tence of a general court-martial."
Article 64. "All officers and soldiers nreto
behave themselves orderly in quarters and on
their march, arid whoever shall commit any
waste or spoil, either in walks of trees, parks,
warrens, fish-ponds, housfis, or gardens, corn
fields, inclosure of meadows, or shall malicious
J ly destroy any property whatsoever, belonging
to the inhabitants of the United States, unless
by the order of the then Commander-in-Chief
of the armies of the said Stales, thall (besides
such penalties as they aro liable to by law,) be
puriishod according to the nature and degree of
theoffeticc, by the judgment {if a regimental or
general court-martial."
Article 5G. "Whosoever shall relievo the
enemy with money, victuals or ammunition, or
who shall knowingly harbor and protect an
enemy, shall suffer death, or such other punish
ment as shall bo ordered by the sonteuce of a
court-martial."
Article 57. "Whosoever shall be convicted
of holding correspondence with, or giving in
telligence to, the enomy, either dircctly or indi
rectly, shall suffer death or such other punish
ment as shall be ordered by the sentonco of a
court-martial."
II. The names and officers of nil persons j
engaged in plundering or wantonly destroying
property, and of officers conniving at such dis
graceful practices, will, on detection, be publish
ed to the army and the country.
III. The Commanding General has aeinrerf
the citizens of protection, while peacefullj fol
lowing their ordinary avocations ; and no one
worthy of association with honorable men, will
disturb them, lie relies upon the loyal men of
his command, who arc here to assert the sup
remacy of the laws of the country, to tee tbut
they are not violated with impunity by wrfetche*
who assume the garb of the soldier only to ?!??
t grace it.
1 IV. All officers will be held responsible for
the enforcement of these regulations, "witbii*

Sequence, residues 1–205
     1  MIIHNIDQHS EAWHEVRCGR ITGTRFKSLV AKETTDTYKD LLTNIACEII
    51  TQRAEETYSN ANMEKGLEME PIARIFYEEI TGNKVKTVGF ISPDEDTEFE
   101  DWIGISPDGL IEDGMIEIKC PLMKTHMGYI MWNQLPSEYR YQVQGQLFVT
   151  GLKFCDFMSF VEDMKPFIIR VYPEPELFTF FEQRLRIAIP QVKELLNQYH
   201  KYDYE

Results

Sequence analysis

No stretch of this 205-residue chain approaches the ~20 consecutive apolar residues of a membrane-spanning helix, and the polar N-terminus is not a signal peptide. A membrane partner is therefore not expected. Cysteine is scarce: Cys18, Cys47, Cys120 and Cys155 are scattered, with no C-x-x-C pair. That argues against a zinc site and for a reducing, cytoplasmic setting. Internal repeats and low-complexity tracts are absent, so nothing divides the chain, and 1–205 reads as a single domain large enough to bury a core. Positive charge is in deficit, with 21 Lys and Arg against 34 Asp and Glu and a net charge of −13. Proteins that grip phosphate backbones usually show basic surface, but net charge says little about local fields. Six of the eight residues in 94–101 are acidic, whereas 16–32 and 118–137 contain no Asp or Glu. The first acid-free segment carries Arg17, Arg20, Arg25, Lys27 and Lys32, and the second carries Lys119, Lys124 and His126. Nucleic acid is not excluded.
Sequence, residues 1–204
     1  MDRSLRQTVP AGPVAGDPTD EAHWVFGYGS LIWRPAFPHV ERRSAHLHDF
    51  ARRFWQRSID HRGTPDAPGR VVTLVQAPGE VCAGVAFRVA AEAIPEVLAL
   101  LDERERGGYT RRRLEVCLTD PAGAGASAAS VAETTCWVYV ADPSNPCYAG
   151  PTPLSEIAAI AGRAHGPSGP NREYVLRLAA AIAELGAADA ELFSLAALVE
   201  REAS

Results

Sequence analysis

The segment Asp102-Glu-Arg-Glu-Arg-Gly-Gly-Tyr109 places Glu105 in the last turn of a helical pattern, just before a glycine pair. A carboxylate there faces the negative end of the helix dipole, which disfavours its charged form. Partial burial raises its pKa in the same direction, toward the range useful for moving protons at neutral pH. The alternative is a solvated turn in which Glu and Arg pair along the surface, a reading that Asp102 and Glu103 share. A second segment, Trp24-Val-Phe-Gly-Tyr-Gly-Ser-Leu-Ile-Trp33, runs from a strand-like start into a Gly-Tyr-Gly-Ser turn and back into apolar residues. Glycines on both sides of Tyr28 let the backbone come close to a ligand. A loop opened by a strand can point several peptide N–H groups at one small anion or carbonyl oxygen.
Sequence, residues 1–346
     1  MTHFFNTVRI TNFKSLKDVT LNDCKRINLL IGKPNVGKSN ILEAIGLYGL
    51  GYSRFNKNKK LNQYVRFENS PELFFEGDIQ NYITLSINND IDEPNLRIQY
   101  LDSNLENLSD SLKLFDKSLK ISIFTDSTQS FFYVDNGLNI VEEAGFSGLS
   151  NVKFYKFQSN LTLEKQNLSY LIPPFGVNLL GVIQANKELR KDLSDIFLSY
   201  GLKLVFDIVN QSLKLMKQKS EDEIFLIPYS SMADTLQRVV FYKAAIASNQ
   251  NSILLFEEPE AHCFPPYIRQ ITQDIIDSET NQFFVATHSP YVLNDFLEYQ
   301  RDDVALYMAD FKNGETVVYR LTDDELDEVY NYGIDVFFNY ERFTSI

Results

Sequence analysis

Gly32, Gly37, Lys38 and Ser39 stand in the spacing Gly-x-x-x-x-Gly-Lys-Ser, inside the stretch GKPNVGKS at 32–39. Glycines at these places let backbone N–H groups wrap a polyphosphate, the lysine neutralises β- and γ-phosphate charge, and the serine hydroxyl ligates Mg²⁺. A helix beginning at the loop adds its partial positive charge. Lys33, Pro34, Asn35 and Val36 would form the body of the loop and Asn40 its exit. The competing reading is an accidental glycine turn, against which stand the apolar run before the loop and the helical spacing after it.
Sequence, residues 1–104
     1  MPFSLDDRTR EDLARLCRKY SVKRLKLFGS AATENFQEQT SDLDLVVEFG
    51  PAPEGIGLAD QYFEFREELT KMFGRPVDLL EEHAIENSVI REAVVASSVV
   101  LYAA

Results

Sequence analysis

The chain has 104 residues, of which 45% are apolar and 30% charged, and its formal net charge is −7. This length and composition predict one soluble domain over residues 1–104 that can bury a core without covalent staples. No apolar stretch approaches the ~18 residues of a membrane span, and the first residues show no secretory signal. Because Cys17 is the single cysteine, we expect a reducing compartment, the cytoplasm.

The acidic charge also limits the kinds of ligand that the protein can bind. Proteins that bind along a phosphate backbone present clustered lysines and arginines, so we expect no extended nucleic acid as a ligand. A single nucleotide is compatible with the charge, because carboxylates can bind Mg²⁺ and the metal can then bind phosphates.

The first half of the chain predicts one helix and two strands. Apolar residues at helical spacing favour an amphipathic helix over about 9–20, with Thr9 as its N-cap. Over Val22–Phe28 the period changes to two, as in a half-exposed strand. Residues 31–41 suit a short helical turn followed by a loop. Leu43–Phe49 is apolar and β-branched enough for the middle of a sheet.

their respective commands.
| By order of Maj. Gk:*. Patterson.
| F. J. PORTER,
Assistant Adjutant Gneral.
TROOPS FOR THE WAR.
The following extract from the late ad
mirable message of President Lincoln, will
explain the manner ia which hepropoici to
continue the war against the rebels:
"It is now recoommended that you give
the legal means for caking this contest a
short and deoisivo one; that you place at
the control of the government for lh?
work at leust 400,000 men and ?400,000,
OOO. That number of mon is one-tenth of
those of proper *ges, within the region*
where, ppparcntly, aliere willing to engage,
and the sum is less than the twenty-third
part of the money value owned by the meu
who seem readv to devote the whole.
A debt of six hundred millions of dollara
now is a less sum per head than was the
debt of our revolution when wc came out
of that struggle; and the moaey value in
the country now bears even a greater pre
portion to what it was then than does the
population. Surely each man hasas strong
a motivo now to preserve our liberties ag
each had then to establish tb8m.
A right result at this time will be worth
moro to the world than ten times the men
and ten times the money. The evidenee
reaching us from the country leaves no
doubt that the material for the work is
abundant, and that it needs only the hand
of tho Executive to give it practical shape
and efficiency. Oue of the greatest per
plexities of the government is to avoid ra
ceiving troops faster than it can protide for
them. In a word, the people will lerye
their government, if the government itself
will do its part only iudifferently well."
PROVOST GUARD.
Annexed we publish a complete list ef
the officers of the Provost Guard at Mar
tinsburg, Ya :
Provost Marshal, Maj. Speir, 28rd Itegt; 1st
Assistant, Capt, IIoilman, do; 2d Asst. Capt.
Bctson; 8d Asst. Capt. Gwyn; <Jth Asst. Capt.
Vangb; Lieuts . Wilson, Black, "Wallace, Wood,
Brown, Boggg, Hopper.